Patrick Williams, Wendell Carter Jr, Lauri Markkanen, and Coby White confer with each other mid-game.

“I saw them come out of the huddle, and they just all looked totally dejected. The bottom line is, this is professional basketball, and you’ve got to be able to respond and deal with adversity. If you can’t handle that, it’s hard to be a great player at this level.” Billy Donovan, Bulls Head Coach, addressing the media after Saturday’s abysmal 125-106 loss to the Indiana Pacers. The Bulls have only played two games this season, and have been thoroughly whooped in both of them.

Over the last season and a half, we fans did little else but berate former head coach Jim Boylen for his failure to turn this team into winners. He was our punching bag. Most of the time it was justified, but in one sense maybe it was not. After two awful basketball games to start this 2020-21 season, the Chicago Bulls have quite simply folded under adversity.

It was a big talking point for Jim Boylen last season; taking pride in your play, and players playing for the Bulls across their chest, how high their care factor for the game was. Boylen had a lot of odd ways of saying what Donovan plainly laid out in his post game interview, but it boils down to the same thing: These Chicago Bulls players don’t respond well to the competitive challenge of NBA basketball.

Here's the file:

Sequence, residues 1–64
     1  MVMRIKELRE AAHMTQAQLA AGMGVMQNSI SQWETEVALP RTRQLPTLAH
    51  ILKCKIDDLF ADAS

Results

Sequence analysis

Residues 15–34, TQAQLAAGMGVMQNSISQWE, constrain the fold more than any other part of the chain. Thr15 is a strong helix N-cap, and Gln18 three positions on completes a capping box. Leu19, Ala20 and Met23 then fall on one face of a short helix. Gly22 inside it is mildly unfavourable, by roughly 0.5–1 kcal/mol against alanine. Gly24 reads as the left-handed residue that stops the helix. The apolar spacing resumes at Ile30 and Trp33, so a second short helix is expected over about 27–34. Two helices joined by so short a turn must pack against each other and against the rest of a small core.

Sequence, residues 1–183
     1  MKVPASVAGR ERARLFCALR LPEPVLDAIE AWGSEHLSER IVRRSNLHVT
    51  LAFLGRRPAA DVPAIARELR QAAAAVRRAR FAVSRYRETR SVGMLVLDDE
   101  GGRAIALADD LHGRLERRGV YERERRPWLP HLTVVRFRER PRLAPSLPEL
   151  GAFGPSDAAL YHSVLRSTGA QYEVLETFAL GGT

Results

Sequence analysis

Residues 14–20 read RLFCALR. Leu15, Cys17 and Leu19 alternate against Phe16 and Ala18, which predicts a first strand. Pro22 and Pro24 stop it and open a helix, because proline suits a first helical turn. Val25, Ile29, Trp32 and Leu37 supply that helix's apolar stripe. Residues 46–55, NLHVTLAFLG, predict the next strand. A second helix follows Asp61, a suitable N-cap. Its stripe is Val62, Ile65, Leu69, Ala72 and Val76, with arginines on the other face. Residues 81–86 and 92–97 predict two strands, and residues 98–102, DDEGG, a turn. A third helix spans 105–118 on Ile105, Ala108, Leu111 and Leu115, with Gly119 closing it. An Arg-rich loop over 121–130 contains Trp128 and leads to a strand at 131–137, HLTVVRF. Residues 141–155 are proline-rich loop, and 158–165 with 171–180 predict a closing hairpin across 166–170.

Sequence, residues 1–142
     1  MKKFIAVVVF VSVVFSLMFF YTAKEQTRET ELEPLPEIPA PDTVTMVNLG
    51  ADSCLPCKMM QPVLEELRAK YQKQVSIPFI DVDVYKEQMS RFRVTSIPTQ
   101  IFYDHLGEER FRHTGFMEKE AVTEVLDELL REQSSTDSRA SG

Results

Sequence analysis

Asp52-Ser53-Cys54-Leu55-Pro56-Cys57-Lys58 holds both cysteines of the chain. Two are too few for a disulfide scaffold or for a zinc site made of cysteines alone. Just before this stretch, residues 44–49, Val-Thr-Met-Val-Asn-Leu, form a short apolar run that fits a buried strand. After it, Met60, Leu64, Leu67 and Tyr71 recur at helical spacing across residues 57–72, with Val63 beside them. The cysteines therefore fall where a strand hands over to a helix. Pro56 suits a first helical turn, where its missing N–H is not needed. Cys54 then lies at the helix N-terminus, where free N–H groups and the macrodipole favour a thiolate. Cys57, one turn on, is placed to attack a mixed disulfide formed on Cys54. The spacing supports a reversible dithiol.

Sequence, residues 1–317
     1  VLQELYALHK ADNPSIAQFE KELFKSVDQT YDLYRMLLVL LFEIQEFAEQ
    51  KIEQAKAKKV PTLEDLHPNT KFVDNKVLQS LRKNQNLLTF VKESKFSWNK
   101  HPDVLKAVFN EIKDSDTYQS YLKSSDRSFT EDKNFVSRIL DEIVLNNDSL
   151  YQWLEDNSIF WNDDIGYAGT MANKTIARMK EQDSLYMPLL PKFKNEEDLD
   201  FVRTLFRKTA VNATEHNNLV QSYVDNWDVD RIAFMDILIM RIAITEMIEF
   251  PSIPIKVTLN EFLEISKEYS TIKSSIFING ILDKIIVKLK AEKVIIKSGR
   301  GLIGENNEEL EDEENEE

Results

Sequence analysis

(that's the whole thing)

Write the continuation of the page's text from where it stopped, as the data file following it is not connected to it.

“As young guys, … all of a sudden the talent level maybe evens out [from what they’ve experienced in high school and college]. Maybe even certain nights, the talent level is greater than them, and you have to find something to hang your hat on. I think the one thing they all have control over is how they respond to the competitive challenges night in and night out.” Donovan continued after the game. “We have to be responsible for digging ourselves back out of a hole. I do think it’s a mentality. I do think it’s a disposition. I do think it’s an attitude.” Donovan again, eerily echoing sentiments we’ve heard previously expressed by Jim Boylen.

There have been a lot of Bulls players hanging their heads, or muttering to themselves out of frustration, the past two games. Understandably so. With a new head coach comes a new approach to all aspects of the game. With a new front office comes job insecurity and the constant pressure to succeed. I know I’ve said it’s a “prove it” season for Lauri Markkanen and Wendell Carter Jr, but really it’s a “prove it” season for the entire roster. No one is safe from the threat of roster turnover. That being said, the same issues that seem to plague the team this season, i.e. rising to the level of their competition, bothered them last season under Boylen, and two seasons ago under Fred Hoiberg.